My computer was a PS/2 workstation when I started, running my beloved OS/2, but a lot of our work was done via the mainframe green screen (VM!).  I sometimes miss those character-based terminals.  They weren’t always pretty, but they were FAST, and they got the job done (which, for me, at the time was as a writer and editor of several IBM magazines).

I still remember putting up my first Website.  I was not then, and still am not, a programmer, but I taught myself HTML so I could publish our magazine Software Quarterly on the World Wide Web.  Nobody knew what that was at the time, but that didn’t stop me.

During my tenure, I’ve visited cities and countries that I never envisioned I would ever see in person, and in the process I’ve gained a greater understanding of the world and our collective humanity.

I’ve also witnessed some dramatic evolutions of the conditions of the IBM business, of the use of our technology to solve real-world business problems, and dramatic changes in our communications and marketing.

When I first joined, IBM was talking to the world about building solutions for a smaller planet.

Now, responding to the challenging business conditions and the unique opportunities a smaller, networked world presents, we’re talking about a smarter planet instead.

That’s a perfect reduction of my past twenty years with Big Blue — my own world has become much smaller and much smarter.

And that, I can assure you, is because of the gift of having had the opportunity to work with some of the most talented people around on this smaller and smarter world.

Because if you think it’s a small world outside Big Blue, you should see what life is like inside IBM after twenty years.

You find yourself working with people for awhile, then moving on and working with another group of people, only to years later, finding yourself working with someone else you’ve worked with before, and this time, like you never missed a beat.

I think maybe we should start referring to the company as “Small Blue” instead.

No matter the moniker, it’s the rare opportunity a human gets to do work that one loves in collaboration with people whom one greatly admires in an effort to literally change the way the world does its business, and all while having the chance to travel to the nether regions of our smaller and smarter planet.

To all of you inside and outside “Small Blue” who have played a part in my 20- year journey thus far, in this, IBM’s own centennial year, I just wanted to take this quick opportunity to say “Thanks!”

Or should I say, T-H-I-N-K.  ;  )

Written by turbotodd

August 19, 2011 at 5:00 pm

Having An Impact

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I’m heading out to Las Vegas on Sunday.  Again.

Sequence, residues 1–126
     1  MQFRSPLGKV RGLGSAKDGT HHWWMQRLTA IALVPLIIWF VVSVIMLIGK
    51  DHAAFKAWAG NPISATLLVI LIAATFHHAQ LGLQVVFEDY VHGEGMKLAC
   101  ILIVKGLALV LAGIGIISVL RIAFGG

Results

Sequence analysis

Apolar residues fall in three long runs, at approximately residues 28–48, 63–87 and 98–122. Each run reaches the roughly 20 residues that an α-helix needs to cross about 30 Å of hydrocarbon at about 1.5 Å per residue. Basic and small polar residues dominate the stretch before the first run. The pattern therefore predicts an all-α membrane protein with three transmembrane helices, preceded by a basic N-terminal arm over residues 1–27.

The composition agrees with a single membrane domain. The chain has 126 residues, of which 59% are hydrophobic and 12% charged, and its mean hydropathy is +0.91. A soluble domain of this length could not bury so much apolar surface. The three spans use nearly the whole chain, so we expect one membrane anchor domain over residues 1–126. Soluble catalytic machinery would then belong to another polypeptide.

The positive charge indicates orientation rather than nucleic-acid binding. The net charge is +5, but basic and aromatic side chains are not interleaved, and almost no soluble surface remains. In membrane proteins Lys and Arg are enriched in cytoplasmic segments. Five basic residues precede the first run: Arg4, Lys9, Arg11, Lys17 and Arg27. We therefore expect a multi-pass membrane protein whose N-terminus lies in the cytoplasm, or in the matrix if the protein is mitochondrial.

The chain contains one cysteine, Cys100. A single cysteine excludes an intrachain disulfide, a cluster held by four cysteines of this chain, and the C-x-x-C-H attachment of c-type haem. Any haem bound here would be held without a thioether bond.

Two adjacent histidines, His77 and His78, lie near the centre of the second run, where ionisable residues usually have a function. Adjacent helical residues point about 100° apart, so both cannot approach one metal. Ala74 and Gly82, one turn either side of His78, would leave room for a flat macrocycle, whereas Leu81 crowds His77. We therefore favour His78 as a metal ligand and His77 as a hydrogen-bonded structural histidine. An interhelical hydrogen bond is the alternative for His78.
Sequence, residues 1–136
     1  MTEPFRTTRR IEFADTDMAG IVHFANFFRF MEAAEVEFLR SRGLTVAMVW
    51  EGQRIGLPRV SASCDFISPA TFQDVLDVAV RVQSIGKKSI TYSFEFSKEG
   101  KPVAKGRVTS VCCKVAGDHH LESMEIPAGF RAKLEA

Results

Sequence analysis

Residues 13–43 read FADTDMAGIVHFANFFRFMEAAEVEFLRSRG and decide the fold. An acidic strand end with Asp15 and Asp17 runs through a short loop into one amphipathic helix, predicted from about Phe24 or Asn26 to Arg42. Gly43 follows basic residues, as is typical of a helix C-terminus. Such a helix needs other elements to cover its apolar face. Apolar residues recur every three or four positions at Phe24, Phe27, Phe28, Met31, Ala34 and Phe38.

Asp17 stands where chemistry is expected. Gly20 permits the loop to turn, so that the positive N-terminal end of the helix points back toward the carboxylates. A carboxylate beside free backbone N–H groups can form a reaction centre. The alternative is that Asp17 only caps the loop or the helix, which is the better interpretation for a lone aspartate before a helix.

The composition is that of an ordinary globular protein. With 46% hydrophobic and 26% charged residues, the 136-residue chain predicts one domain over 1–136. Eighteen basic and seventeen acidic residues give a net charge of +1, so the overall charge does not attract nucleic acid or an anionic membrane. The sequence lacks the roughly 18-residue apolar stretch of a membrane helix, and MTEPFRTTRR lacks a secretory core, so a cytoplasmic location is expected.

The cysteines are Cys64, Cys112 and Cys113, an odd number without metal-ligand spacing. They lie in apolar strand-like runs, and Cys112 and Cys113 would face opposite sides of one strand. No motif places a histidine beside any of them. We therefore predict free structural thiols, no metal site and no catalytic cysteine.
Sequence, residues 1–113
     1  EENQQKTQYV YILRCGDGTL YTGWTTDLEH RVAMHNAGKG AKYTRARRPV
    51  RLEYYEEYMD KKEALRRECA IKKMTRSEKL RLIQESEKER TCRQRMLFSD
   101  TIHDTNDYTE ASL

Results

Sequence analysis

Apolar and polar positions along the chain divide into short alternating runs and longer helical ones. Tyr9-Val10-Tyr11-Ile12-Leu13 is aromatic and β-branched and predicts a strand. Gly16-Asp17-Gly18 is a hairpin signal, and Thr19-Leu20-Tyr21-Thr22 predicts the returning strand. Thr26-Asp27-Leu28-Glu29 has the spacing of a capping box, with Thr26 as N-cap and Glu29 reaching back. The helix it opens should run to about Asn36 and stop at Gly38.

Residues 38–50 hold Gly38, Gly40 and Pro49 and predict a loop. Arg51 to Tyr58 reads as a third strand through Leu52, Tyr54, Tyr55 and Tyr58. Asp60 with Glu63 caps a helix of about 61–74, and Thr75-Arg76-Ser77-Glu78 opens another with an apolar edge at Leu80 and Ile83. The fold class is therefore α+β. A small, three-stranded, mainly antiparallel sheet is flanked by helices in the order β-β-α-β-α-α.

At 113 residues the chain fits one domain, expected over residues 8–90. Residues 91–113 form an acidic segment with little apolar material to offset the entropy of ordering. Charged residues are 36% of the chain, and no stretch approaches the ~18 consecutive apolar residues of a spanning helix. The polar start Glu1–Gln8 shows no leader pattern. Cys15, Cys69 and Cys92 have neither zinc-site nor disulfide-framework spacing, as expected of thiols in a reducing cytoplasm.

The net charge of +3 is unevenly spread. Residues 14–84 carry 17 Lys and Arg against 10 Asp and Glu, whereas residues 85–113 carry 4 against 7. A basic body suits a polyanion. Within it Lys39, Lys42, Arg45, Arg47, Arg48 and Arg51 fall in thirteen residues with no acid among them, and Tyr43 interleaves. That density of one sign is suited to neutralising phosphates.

And I’ve worn out all the “what happens in Vegas” and “Hangover” jokes, so I’ll get straight to the point:

I’m heading to Vegas to have an Impact.

Seriously.

Impact 2011 starts this weekend and kicks into high gear on Monday, and I’m going to be there to blog and provide some live videocasting support.

The IBM Impact 2011 Global Conference is expecting to bring together more than 6,600 technology and business leaders at a single event to learn how to work smarter for better business outcomes.

At Impact, IT professionals will be able to master the latest business process management, SOA and Cloud solutions and obtain certifications, and business professionals can sharpen their leadership skills and learn best practices for overcoming complexity with increased agility (including a track on marketing!)

The event will be hosted at The Venetian and Palazzo Hotels in Las Vegas, April 10 to 15, but if you can’t make it live and in person, there will be plenty of folks providing social media coverage.

Here’s how you can keep up with Impact both at the event and remotely:

First, follow TwitterID @ibmimpact and hashtag #ibmimpact

Second, check the IBM Impact Conversations site at ibm.com/social/impact.

Third, check the IBM Impact blog.

Fourth, keep an eye on the Impact Livestream channel.

And keep an eye on the main Impact portal to get a bird’s eye overview of the event agenda, speakers, and topics.

So, come on down to Vegas, leave your ATM card at home, stop by the trade show floor, keep an eye out for the klieg lights and stop by to say “hey” to Scott Laningham and I.

P.S. Speaking of having an impact, I want to take a moment to wish my esteemed IBM social media colleague, Adam Christensen, a bon voyage and best of luck in his new position as the social media lead for Juniper Networks. Adam has been a shining social media beacon at Big Blue these past few years, and I know I speak for many of his colleagues when I say we’re all very sorry to see him go, and that he’ll be very much be missed as he helped us all make IBM’s world-class social media efforts what they are today.

Clearly, our loss is Juniper’s gain, and we expect great things from him there.  But, as Adam himself Tweeted earlier, “once an IBMer, always an IBMer.”

Good luck in the new venture, buddy…we’ll all be eagerly awaiting the latlong of the best taco stands in Silicon Valley.

Written by turbotodd

April 8, 2011 at 5:43 pm